Varsity Kansas

Getting to know Carroll wrestler Nick Nolting

Carroll wrestler Nick Nolting is ranked second in Class 5A at 220 pounds.
Carroll wrestler Nick Nolting is ranked second in Class 5A at 220 pounds. The Wichita Eagle

Nolting, a senior who had 14 pins through his first 16 matches, is the Class 5A defending champion at 220 pounds. He is ranked second behind St. Thomas Aquinas’ Ben Ewing.

What matters more to you, the pins or the wins?

“I’d say it’s more about being unbeaten. Pins are OK, but in the end, it just matters to me to win. Pins are just a way to win to me. It makes it easier, but winning is winning to me.”

If you could pick one way to win a match, would it be with a pin or overtime?

“That’s a hard question. I guess an overtime win would probably be more fulfilling because I’d have to work harder for it.”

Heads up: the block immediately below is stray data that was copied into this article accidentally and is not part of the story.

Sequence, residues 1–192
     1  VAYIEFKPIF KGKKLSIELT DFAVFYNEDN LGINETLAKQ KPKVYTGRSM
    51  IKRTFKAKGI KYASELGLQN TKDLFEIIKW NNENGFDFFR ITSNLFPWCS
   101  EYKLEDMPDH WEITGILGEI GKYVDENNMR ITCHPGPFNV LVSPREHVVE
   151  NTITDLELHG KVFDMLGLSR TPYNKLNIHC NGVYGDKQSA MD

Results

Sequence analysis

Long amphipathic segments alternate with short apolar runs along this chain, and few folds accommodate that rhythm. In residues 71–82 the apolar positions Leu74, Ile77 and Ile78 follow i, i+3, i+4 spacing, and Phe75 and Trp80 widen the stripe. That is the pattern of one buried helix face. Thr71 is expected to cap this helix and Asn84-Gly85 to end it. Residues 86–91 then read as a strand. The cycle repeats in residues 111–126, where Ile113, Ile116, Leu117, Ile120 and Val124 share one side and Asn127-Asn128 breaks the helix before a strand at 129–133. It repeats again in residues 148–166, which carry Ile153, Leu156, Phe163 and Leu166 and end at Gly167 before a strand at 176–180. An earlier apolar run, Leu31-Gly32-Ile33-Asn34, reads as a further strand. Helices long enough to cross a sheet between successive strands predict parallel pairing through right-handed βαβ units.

Is being a bit crazy important in order to be a successful wrestler?

“You have to learn to love the pain a little bit. A coach told me that one time, and it’s true because you have to learn to embrace the grind. Basically, you have to live, eat, breathe wrestling. It’s your life when you want it that bad.”

You were an All-Metro defensive lineman in 2013, but you left the football team before the 2014 season. Why?

“I realized I wanted to take the next step and focus on wrestling. I decided I really loved wrestling, and I decided that if I wanted to go to the next level with wrestling, I needed to change.… I’d say around the middle of last season, I decided that I wanted to strive to be the best wrestler in the world. I wake up every morning around 5:50 so I can be to school by 6:20. I’m there running in the morning, doing stairs, various exercises that no one else is doing. I’m giving it the extra push in practice when, in the back of your mind you want to quit, that’s when you take it up a notch and go a little harder.”

How much do you pump yourself up before a match?

“Sometimes I don’t really listen to music at all. I like to be calm when I go onto the mat. I feel like a lot of people get too psyched up. They’re out of composure and it’s like they’re not focused. (Being calm) helps me stay focused. I visualize the match, especially if it’s a big opponent. I go over what me and my coach have been working on that week.”